I'm doing textbook homework for discrete mathematics and I'm struggling to understand how to solve the following practice problem. I would understand if they gave me variables and asked me to use premises to construct a specific argument, but I don't understand how to reduce it just to a value of false? Any help or hints would be appreciated.


Using only the rules of inference and the logical equivalences, show that the following argument is a contradiction by reducing it to a value of "False". You may assume that all the premises given are true.

π‘Ž β†’ 𝑏

¬𝑏 ∧ 𝑐

Β¬π‘Ž β†’ 𝑑

𝑑 β†’ ¬𝑒

𝑒 ∧ f

  • $\begingroup$ It seems like these are five premises, but you haven't given the conclusion. Is this really all there is to the exercise? It doesn't make sense to me. $\endgroup$ – saulspatz Feb 15 '19 at 15:15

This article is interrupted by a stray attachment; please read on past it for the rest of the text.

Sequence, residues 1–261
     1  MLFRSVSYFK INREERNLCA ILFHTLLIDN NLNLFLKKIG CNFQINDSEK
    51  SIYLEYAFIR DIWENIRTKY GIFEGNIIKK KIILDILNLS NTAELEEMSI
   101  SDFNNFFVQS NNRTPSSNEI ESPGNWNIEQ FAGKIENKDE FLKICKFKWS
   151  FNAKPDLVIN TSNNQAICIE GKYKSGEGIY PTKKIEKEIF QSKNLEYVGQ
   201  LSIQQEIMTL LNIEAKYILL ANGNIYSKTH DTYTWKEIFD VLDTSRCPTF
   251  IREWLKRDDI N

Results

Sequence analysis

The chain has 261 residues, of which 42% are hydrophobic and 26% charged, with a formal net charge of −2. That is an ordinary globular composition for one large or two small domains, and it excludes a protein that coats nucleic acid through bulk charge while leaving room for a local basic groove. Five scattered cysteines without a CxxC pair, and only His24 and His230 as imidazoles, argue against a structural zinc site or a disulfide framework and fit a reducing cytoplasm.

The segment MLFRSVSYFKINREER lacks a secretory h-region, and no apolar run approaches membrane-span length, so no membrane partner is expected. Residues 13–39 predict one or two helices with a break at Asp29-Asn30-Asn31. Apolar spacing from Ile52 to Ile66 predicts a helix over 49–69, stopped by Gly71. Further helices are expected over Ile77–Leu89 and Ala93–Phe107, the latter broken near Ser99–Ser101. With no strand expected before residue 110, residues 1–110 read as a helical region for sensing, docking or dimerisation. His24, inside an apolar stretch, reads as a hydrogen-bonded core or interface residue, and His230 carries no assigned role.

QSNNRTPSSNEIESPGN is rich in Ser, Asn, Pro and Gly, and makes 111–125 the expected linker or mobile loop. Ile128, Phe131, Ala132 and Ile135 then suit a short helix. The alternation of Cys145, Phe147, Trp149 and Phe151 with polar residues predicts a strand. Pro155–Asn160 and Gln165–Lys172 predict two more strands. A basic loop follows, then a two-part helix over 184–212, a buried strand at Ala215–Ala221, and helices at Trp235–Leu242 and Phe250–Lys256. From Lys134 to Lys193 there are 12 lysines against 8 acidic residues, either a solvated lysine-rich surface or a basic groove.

• $\begingroup$ From 3 and 4 derive $\lnot a \to \lnot e$. Then use it and 1 with $a \lor \lnot a$ to apply Dilemma to derive $\lnot e \lor b$. $\endgroup$ – Mauro ALLEGRANZA Feb 15 '19 at 15:20
  • $\begingroup$ Yeah, this is all that was given. I don't really understand it. $\endgroup$ – Eagerissac Feb 15 '19 at 15:23
  • $\begingroup$ Now you have $\lnot e \lor b$ with $\lnot b$ from 2 and $e$ from 5. $\endgroup$ – Mauro ALLEGRANZA Feb 15 '19 at 15:23
  • $\begingroup$ Is it enough to proceed, or do you need more hints ? $\endgroup$ – Mauro ALLEGRANZA Feb 15 '19 at 15:51

The implication $a \to b$ is equivalent to $\lnot a \lor b$

Similarly, the other two implications can be written as $a \lor d$ and $\lnot d \lor \lnot e$

The two conjunctions $\lnot b \land c$ and $e \land f$ can only be true, if all four operands are true: $\lnot b$, $c$, $e$ and $f$

This simplifies $\lnot a \lor b$ to $\lnot a$

$\lnot d \lor \lnot e$ is simplified to $\lnot d$ which in turn simplifies $a \lor d$ to $a$.

The last step unveils a contradiction, as $\lnot a$ was found to be true earlier on.


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